GM Century/Lumina/Grand Prix/Intrigue 1997-2000

General Information

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The starting, or cranking system consists of the battery, starter motor, ignition switch and related wiring. These components are connected electrically. When the ignition switch is turned to the START position (and the theft protection module recognizes the key code, as equipped) battery voltage is applied to the starter solenoid (through the theft deterrent relay, as equipped) S terminal and the solenoid windings are energized. This causes the plunger to move the shift lever, which engages the pinion with the engine flywheel ring gear. The plunger also closes the solenoid contacts, applying battery voltage to the starter motor, which cranks the engine.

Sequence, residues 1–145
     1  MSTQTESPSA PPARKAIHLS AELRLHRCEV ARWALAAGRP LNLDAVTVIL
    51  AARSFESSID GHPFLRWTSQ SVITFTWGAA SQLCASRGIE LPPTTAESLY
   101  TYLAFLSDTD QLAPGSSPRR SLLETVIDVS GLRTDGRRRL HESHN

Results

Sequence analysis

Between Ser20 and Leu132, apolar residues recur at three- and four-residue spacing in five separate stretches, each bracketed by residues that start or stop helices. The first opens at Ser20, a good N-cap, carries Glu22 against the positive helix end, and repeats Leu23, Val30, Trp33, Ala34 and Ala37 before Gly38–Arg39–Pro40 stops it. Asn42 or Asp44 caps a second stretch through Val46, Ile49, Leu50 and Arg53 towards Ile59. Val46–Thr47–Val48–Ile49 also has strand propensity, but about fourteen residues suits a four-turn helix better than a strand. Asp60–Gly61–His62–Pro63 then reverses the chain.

When the engine starts, the pinion will over-run and spin at engine speed (rather than starter motor speed) to help prevent flywheel and starter motor damage. When the ignition switch is released (removing the voltage from the solenoid) the plunger return spring disengages the pinion. In order to prevent excessive over-run, the ignition switch should be released as soon as the engine starts.


WARNING
Never operate the starter motor for more than 30 seconds at a time. Allow it to cool for at least two minutes. Overheating, caused by too much cranking, will damage the starter motor.

The vehicles covered by this guide use several different starter motor applications. When obtaining a replacement starter motor, make sure you get the correct unit. In nearly every case, the starter motor is considered non-serviceable which means they are not user-serviceable and must be replaced as an assembly.